ISBN : 9780199680771
The study of solids is one of the richest, most exciting, and most successful branches of physics. While the subject of solid state physics is often viewed as dry and tedious this new book presents the topic instead as an exciting exposition of fundamental principles and great intellectual breakthroughs. Beginning with a discussion of how the study of heat capacity of solids ushered in the quantum revolution, the author presents the key ideas of the field while emphasizing the deep underlying concepts.
The book begins with a discussion of the Einstein/Debye model of specific heat, and the Drude/Sommerfeld theories of electrons in solids, which can all be understood without reference to any underlying crystal structure. The failures of these theories force a more serious investigation of microscopics. Many of the key ideas about waves in solids are then introduced using one dimensional models in order to convey concepts without getting bogged down with details. Only then does the book turn to consider real materials.
Chemical bonding is introduced and then atoms can be bonded together to crystal structures and reciprocal space results. Diffraction experiments, as the central application of these ideas, are discussed in great detail. From there, the connection is made to electron wave diffraction in solids and how it results in electronic band structure. The natural culmination of this thread is the triumph of semiconductor physics and devices.
The final section of the book considers magnetism in order to discuss a range of deeper concepts. The failures of band theory due to electron interaction, spontaneous magnetic orders, and mean field theories are presented well. Finally, the book gives a brief exposition of the Hubbard model that undergraduates can understand.
The book presents all of this material in a clear fashion, dense with explanatory or just plain entertaining footnotes. This may be the best introductory book for learning solid state physics. It is certainly the most fun to read.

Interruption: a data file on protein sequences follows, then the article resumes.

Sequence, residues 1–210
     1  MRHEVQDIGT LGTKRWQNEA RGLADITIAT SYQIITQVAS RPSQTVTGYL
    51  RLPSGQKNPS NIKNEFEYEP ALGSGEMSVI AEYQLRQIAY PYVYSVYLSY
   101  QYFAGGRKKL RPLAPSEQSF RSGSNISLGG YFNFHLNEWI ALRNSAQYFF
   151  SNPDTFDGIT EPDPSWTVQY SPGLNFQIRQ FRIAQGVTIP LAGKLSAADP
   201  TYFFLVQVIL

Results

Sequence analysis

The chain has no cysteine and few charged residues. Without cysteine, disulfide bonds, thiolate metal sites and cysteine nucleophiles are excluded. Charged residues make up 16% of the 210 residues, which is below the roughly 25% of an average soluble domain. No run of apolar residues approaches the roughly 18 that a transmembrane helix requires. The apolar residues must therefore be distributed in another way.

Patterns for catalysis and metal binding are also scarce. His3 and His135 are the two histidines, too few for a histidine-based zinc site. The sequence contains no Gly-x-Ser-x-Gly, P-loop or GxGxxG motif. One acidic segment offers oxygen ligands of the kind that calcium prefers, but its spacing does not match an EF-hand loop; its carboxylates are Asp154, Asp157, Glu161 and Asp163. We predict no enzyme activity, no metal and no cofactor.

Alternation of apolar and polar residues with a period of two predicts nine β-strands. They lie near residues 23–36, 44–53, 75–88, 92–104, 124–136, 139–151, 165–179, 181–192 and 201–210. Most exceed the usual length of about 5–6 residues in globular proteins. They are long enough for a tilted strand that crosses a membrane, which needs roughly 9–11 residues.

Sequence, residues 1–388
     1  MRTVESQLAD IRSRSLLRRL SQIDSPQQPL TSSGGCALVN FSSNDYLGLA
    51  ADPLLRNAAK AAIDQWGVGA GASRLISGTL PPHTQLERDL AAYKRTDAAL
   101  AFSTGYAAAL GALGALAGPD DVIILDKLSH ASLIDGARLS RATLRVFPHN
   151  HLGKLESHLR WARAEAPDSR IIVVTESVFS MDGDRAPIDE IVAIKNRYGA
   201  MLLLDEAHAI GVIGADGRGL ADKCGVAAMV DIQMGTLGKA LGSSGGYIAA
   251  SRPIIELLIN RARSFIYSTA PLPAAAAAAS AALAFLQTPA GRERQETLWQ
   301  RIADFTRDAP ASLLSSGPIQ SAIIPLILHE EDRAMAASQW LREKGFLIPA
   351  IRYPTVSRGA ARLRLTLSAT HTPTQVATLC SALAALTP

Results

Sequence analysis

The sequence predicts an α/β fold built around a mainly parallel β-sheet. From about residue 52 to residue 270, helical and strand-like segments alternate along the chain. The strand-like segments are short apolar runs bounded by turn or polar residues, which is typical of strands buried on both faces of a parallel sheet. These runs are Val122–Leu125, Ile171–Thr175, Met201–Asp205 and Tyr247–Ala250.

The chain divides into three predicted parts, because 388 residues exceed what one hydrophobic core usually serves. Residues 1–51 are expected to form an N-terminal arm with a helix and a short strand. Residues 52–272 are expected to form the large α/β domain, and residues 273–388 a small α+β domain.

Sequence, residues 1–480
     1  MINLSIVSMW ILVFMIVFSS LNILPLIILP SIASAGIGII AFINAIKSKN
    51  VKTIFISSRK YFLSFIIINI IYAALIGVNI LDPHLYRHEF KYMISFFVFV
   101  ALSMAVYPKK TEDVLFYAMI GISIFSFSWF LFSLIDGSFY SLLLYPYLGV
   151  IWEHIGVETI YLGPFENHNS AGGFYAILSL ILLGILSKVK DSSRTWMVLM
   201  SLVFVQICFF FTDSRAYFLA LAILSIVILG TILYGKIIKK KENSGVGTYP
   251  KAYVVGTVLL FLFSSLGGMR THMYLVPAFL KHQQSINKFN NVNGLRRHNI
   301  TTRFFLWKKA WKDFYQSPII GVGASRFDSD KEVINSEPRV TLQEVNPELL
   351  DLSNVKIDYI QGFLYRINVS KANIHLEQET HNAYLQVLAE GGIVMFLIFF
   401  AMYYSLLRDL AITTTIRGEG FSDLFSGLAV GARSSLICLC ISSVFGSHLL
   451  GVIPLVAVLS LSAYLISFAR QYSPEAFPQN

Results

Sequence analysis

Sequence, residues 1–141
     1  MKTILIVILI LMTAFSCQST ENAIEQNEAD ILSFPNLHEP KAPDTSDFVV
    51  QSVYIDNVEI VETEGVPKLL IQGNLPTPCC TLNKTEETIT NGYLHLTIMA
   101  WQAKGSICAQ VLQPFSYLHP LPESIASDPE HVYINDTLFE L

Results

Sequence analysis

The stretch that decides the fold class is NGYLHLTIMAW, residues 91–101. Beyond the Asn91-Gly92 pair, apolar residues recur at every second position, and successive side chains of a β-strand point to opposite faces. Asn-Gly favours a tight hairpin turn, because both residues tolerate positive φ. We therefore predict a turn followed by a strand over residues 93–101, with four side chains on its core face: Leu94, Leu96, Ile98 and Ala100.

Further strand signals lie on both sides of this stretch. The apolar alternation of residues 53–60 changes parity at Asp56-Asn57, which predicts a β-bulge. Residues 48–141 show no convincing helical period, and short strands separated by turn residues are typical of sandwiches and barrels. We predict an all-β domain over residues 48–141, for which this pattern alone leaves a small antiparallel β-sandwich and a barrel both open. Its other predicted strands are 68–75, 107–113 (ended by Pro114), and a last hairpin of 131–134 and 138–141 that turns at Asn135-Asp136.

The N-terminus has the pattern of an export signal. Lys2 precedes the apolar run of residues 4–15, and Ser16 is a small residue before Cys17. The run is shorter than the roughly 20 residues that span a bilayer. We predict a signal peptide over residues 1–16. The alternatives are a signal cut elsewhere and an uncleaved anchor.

1: About Condensed Matter Physics
Part I: Solids Without Considering Microscopic Structure: The Early Days of Solid State
2: Specific Heat of Solids: Boltzmann, Einstein, and Debye
3: Electrons in Metals: Drude Theory
4: More Electrons in Metals: Sommerfeld (Free Electron) Theory
Part II: Structure of Materials
5: The Periodic Table
6: What Holds Solids Together: Chemical Bonding
7: Types of Matter
Part III: Toy Models of Solids in One Dimension
8: One Dimensional Model of Compressibility, Sound, and Thermal Expansion
9: Vibrations of a One Dimensional Monatomic Chain
10: Vibrations of a One Dimensional Diatomic Chain
11: Tight Binding Chain (Interlude and Preview)
Part IV: Geometry of Solids
12: Crystal Structure
13: Reciprocal Lattice, Brillouin Zone, Waves in Crystals
Part V: Neutron and X-Ray Diffraction
14: Wave Scattering by Crystals
Part VI: Electrons in Solids
15: Electrons in a Periodic Potential
16: Insulator, Semiconductor, or Metal
17: Semiconductor Physics
18: Semiconductor Devices
Part VII: Magnetism and Mean Field Theories
19: Atomic Magnetism: Para- and Dia-Magnetism
20: Magnetic Order
21: Domains and Hysteresis
22: Mean Field Theory
23: Magnetism from Interactions: The Hubbard Model
Appendix A: Sample Exam and Solutions
Appendix B: List of Other Good Books
The style of the book is very accessible for undergraduates. The topics are well motivated and the explanations are clear, helped by a generous set of figures for illustration. This textbook may well establish itself as an alternative to the available classics. - Derek Lee, Imperial College London
The author, Steven Simon, is well known as an insightful scientist and an engaging and witty speaker, and it is a pleasure to see how well his talents translate to the printed page. He has re-examined with a modern eye the question of which topics should be covered in a student's first exposure to the physics of solids. My impression is that his presentation of those topics will be accessible for the student, illuminating for the expert, and entertaining for all. - Joel E. Moore, University of California, Berkeley, and Lawrence Berkeley National Laboratory
This textbook provides a clear and compact coverage of essential topics in introductory solid state physics. It also goes beyond the usual introductory level by providing more detailed mathematical treatment, but more importantly by providing a commentary to explain the physical significance of mathematical treatments. - Gavin Mountjoy, University of Kent